How To Address An Incomplete Degree On Your Resume

There are typically two different situations that a job seeker with an incomplete degree can be in. Either you didn’t finish your degree and don’t plan to, or you’re currently completing it. (Psst! Can’t get hired? Watch this free tutorial.) I know job seekers in both situations and there is a great way to handle the incomplete degree scenario.


Addressing An Incomplete Degree

So, how do you address your incomplete education on your resume? Let’s look at both scenarios: those job seekers currently pursuing a degree, and those who’ve decided to not return to school.

Didn't Finish The Degree

I personally think it’s important to include your degree or coursework on your resume, especially when it’s related to your current or desired career field. There are two ways I would suggest tackling this:

1. List the college you went to, the program area you studied, and dates you attended school. You’re not including a degree here because one was not awarded.

2. State the university you attended, relevant courses you completed (especially if they’re related to a position you’re pursuing), and dates you attended the school.

You have to be careful when including this information on your resume. You don’t want to mislead an employer into thinking you have a degree that you don’t have. This can come back to bite you if you’re offered the position and they fact check. Plus, the goal here isn’t to deceive anyone into thinking that you have a degree you don’t actually have. The goal is to include any education you have received—which, in my opinion, is important to show.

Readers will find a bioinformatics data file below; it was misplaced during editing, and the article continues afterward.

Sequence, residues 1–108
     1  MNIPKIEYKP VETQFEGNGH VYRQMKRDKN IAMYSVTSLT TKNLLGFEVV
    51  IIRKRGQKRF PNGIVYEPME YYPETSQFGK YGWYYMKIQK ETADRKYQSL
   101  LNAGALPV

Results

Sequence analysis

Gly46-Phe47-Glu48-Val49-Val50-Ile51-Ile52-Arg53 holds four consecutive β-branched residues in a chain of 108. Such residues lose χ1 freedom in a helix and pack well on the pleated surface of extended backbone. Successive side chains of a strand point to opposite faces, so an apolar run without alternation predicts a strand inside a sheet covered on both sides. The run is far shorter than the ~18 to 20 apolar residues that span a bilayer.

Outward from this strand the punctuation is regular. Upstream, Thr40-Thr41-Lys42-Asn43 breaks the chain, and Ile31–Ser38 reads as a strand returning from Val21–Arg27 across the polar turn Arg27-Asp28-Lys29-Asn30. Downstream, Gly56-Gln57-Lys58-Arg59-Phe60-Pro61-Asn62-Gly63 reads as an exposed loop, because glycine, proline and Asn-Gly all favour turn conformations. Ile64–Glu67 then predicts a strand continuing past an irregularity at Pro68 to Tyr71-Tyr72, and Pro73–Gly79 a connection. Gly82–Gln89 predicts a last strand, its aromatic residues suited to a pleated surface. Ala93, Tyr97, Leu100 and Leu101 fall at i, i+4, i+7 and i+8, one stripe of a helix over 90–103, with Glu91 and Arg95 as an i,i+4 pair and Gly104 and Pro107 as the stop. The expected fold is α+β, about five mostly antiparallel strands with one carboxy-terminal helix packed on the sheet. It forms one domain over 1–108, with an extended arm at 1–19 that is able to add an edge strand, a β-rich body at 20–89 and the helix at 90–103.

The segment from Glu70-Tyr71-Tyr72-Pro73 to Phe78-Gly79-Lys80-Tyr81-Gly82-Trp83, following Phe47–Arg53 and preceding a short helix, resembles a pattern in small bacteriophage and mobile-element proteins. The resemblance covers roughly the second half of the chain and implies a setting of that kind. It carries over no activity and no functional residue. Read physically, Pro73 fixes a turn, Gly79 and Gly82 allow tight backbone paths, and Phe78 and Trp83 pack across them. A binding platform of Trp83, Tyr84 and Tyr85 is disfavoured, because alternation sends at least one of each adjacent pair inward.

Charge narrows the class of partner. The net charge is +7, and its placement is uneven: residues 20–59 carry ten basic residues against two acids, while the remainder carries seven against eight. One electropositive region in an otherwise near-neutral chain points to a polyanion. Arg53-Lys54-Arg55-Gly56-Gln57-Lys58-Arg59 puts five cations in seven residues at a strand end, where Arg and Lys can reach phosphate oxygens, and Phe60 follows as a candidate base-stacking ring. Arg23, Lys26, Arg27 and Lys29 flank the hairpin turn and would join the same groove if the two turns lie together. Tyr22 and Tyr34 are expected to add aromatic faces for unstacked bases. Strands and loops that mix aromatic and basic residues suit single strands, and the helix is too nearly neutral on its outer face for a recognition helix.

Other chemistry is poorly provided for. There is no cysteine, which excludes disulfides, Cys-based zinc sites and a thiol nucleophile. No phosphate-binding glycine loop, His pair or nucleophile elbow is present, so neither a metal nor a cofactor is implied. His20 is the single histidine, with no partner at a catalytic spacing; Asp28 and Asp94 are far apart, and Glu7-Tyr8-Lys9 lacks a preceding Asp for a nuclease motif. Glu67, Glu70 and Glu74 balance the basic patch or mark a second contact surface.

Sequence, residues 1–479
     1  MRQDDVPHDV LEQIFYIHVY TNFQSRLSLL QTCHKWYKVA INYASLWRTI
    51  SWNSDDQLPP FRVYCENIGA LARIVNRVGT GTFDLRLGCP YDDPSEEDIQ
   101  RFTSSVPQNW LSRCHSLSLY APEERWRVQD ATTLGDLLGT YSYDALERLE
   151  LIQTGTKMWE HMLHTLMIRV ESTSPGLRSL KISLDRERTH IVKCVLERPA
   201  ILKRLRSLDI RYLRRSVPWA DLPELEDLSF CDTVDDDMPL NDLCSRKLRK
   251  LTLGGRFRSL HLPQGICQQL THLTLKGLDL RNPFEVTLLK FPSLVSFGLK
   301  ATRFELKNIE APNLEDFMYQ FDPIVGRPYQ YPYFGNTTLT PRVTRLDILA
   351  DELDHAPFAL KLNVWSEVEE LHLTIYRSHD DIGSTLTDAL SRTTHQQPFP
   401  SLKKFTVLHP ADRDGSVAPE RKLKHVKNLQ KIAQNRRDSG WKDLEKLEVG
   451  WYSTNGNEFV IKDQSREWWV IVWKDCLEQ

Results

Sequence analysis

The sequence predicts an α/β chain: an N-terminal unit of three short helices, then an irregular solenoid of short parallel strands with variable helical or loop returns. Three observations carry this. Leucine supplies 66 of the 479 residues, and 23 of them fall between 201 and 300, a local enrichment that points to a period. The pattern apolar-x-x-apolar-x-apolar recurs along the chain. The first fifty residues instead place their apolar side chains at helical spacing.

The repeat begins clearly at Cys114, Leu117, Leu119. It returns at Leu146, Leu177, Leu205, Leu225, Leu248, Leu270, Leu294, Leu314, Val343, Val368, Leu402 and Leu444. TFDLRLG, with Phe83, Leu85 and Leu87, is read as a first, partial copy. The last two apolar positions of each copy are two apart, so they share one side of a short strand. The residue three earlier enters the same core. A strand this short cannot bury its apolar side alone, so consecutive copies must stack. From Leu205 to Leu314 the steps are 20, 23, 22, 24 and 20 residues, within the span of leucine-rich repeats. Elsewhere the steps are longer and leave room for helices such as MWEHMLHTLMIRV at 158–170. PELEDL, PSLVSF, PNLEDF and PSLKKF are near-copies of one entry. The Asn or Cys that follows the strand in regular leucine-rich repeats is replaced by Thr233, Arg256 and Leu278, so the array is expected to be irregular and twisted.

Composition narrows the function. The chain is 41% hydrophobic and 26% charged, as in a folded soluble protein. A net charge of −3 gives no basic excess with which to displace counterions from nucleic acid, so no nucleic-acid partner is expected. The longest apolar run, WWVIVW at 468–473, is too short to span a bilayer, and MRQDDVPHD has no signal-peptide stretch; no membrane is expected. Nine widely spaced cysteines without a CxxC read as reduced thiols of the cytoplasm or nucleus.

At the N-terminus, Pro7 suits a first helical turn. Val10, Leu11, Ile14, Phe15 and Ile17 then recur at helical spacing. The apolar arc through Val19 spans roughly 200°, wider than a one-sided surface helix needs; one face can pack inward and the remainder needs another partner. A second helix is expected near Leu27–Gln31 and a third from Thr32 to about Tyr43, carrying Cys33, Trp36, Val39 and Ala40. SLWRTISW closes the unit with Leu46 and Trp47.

Currently Pursuing A Degree

You should absolutely include this information on your resume. Especially if the position requires whatever degree or certification you’re pursuing. There are two great ways to handle including this information on your resume:

1. State the college you’re attending, degree you’re pursuing, your area of study, current GPA (if 3.0 or higher) and include your anticipated graduation date; this is very important if your graduation date is within the next 12 months.

2. List the university you’re attending, degree you’re pursuing, area of study, current GPA (If 3.0 or higher) and the words In Progress. This works well if you’re still going to be in school for a couple of years.

If the degree or certification is a requirement for the opportunity and it has been recently obtained or will soon be completed, I recommend putting your education information at the top of the resume. If the degree or education you have isn’t required or directly related to the position, put it at the end of the resume. This is also the case if you want to share with the employer that you have some education but you don’t want to advertise that you didn’t complete your education.

Are you ready to get HIRED?

Watch our free tutorial “8 Ways You’re Being SHUT OUT Of The Hiring Process” with career expert J.T. O’Donnell to find out what’s holding you back from getting hired… and how to fix it! WATCH NOW This post was originally published on an earlier date.

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About the author

Jessica Holbrook Hernandez, CEO of Great Resumes Fast is an expert resume writer, career and personal branding strategist, author, and presenter. Want to work with the best resume writer? If you would like us to personally work on your resume, cover letter, or LinkedIn profile—and dramatically improve their response rates—then check out our professional and executive resume writing services at GreatResumesFast.com or contact us for more information if you have any questions. Disclosure: This post is sponsored by a Work It Daily-approved expert. You can learn more about expert posts here. Photo Credit: Shutterstock

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